EGEH outlines the challenges of tackling Youth problem gambling

GamCare has notified stakeholders that the English Gambling Education Hub (EGEH) has published its first Insights Report after its initial networking event. The topic was the effectiveness of collaboration in addressing gambling harms among young people.

EGEH is a cross-collaboration research hub formed of seven organisations funded by GambleAware – including GamCare, Aquarius, ARA, Recovery for All, Beacon Counselling Trust, Breakeven, NECA, and YGAM – working to minimise youth problem gambling risks. 

In March, a maiden research event was held by the EGEH, attracting a hundred professionals from education, health, voluntary, and local authority sectors. 

The assembly of experts in mental health, suicide prevention, youth work, and those offering training, support, and treatment for gambling-related harms manifested a shared commitment to raising awareness about the risks of gambling among young people.

The event served as an introduction to the Hub emphasising the pivotal role of collaboration in their mission: to provide clear, consistent, and quality information to facilitate and embed gambling education accessible to all.

In the light of the UK Gambling Commission’s (UKGC) 2022 estimate, which identified 0.9% of 11 to 16-year-olds as engaging in harmful gambling and an additional 2.4% at risk, this issue warrants urgent attention. 

EGEH events are orchestrated to provoke thoughtful discussion and shared learning among network professionals. This collaborative effort aims to enhance service accessibility and cultivate age-appropriate resources while ensuring that the voices of young people remain central to the discourse.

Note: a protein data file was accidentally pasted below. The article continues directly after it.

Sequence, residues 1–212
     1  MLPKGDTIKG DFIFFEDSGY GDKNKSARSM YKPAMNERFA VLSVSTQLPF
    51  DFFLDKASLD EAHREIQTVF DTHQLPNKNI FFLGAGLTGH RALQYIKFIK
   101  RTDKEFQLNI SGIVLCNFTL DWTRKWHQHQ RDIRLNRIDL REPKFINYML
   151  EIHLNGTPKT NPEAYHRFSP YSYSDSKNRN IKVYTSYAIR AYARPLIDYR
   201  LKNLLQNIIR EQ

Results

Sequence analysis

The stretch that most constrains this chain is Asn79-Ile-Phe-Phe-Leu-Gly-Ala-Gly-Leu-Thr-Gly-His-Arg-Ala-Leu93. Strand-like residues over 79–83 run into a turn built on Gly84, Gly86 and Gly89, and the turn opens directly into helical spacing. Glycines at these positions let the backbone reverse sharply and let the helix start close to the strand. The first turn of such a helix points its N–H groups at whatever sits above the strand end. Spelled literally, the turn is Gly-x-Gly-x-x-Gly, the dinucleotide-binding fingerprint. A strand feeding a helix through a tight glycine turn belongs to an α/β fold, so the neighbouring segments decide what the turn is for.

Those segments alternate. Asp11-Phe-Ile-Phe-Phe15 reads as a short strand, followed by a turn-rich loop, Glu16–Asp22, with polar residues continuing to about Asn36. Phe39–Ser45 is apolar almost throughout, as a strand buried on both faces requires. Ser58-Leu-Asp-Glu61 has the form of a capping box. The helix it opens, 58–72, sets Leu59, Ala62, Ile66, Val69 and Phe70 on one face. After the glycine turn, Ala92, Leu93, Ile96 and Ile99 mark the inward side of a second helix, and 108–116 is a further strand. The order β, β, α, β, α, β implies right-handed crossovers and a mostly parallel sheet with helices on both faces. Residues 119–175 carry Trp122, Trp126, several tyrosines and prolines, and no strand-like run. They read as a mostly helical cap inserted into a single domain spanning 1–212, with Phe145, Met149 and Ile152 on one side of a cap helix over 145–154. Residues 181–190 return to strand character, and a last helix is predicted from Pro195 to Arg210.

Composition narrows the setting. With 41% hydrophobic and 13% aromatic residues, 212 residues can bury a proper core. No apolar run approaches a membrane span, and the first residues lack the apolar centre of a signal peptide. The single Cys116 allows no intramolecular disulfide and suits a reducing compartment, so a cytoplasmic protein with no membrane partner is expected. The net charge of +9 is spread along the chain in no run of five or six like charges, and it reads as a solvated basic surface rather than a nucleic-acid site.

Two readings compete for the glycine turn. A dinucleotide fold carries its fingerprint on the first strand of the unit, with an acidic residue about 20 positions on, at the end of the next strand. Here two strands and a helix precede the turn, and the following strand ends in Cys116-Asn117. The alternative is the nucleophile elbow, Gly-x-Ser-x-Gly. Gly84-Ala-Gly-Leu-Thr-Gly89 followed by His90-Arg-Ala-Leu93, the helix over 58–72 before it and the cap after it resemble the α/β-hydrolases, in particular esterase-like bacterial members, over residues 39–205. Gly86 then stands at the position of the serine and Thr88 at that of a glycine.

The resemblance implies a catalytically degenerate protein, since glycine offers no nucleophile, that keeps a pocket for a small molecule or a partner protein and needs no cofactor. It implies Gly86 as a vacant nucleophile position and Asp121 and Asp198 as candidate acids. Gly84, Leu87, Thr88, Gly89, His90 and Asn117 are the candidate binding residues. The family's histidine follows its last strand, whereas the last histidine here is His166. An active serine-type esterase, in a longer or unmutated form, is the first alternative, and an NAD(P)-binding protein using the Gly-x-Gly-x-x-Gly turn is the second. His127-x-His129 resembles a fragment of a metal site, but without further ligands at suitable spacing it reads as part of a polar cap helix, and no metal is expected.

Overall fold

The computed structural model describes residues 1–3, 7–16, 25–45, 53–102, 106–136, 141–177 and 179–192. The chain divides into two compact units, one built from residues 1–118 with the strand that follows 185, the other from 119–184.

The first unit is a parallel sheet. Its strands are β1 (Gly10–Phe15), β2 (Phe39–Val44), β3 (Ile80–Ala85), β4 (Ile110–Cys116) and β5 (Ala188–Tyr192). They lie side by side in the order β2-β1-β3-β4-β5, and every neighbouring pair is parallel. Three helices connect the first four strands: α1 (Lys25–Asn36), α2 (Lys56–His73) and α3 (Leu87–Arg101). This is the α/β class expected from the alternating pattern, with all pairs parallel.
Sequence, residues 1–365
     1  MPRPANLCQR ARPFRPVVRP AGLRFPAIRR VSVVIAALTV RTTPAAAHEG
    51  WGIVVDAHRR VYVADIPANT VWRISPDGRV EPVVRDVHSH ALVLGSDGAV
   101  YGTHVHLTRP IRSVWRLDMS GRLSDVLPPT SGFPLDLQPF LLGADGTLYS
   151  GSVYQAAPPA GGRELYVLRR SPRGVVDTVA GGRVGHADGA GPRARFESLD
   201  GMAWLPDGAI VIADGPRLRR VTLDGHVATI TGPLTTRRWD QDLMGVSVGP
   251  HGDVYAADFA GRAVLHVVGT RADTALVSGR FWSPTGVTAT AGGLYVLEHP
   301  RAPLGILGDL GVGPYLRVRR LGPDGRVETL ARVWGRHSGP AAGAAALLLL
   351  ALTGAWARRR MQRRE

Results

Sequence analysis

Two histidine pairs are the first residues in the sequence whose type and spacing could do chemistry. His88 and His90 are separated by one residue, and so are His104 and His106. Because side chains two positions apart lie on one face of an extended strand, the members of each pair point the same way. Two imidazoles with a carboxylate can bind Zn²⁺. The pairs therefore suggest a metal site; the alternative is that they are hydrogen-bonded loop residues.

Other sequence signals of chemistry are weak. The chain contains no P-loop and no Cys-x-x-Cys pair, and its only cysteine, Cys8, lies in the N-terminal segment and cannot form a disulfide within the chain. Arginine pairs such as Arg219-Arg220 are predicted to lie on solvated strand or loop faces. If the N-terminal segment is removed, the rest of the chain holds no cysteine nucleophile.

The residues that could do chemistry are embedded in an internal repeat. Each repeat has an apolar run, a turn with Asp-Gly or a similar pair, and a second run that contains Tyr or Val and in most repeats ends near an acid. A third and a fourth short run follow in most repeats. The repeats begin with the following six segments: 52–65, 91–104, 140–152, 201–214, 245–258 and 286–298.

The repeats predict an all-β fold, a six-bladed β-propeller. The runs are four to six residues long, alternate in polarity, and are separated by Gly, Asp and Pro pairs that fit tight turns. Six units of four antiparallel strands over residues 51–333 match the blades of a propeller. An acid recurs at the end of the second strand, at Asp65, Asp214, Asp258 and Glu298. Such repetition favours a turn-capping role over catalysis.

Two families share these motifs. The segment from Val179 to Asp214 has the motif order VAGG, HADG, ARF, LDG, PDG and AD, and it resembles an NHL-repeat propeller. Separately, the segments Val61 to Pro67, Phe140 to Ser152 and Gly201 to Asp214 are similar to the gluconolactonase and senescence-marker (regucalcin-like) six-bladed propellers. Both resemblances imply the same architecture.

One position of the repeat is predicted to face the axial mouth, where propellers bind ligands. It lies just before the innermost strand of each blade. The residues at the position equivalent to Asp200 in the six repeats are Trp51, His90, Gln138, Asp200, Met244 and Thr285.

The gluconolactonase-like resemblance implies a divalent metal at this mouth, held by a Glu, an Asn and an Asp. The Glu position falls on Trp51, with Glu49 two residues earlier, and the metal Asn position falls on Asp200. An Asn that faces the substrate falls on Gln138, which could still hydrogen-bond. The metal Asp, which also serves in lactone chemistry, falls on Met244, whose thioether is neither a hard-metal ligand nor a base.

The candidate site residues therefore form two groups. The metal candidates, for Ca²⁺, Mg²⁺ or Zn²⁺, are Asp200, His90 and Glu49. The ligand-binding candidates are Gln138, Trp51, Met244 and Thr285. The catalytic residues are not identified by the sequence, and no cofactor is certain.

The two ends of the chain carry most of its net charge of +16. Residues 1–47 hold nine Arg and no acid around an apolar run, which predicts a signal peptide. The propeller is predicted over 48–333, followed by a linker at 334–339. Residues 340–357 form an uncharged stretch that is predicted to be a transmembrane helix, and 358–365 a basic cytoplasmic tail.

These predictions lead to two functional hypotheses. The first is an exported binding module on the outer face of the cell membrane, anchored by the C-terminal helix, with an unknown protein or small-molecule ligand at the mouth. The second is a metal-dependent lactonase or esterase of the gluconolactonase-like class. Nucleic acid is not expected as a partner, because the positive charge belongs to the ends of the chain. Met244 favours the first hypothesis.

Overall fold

The inaugural event allowed stakeholders to identify four central themes pivotal to its shared goal. Firstly, initiatives designed for young people are more likely to succeed when young people are actively involved in their development. This inclusive approach ensures that strategies are tailored to their needs and perspectives.

Secondly, the dangers of gambling to young people are very real and complex, with cross-sectoral links between this concealed harm and other risky behaviours and challenges faced by young people. This emphasises the necessity of cross-sectoral collaboration to comprehensively tackle this issue.

Thirdly, the participants acknowledged the challenges of securing funding in the voluntary sector. The competition for resources can act as a barrier to progress. A cohesive strategy, sharing resources and creativity, was seen as the key to overcoming this obstacle.

Finally, the importance of reaching out to diverse communities was underlined. The need to identify these communities, understand their unique situations, and connect with them effectively is vital for collaboration and the overall mission of EGEH.

After successfully hosting two networking events, the EGEH’s commitment to expanding its network and impact is unwavering. The Hub is already moving towards its goal of providing consistent, quality information to help embed gambling education and make it accessible for all. It is simultaneously working to ensure that the insights gained directly from young people about how to connect with them for greater impact are woven into their strategies.

Moreover, the EGEH plans to leverage evidence-based approaches from partner organisations to tackle this issue effectively. With the focus on forging stronger partnerships, harnessing the power of collaboration, and using the insights derived from these engagements. 

The EGEH is poised to play a crucial role in preventing gambling-related harms among young people taking on an inclusive approach to bring about positive change in this critical area.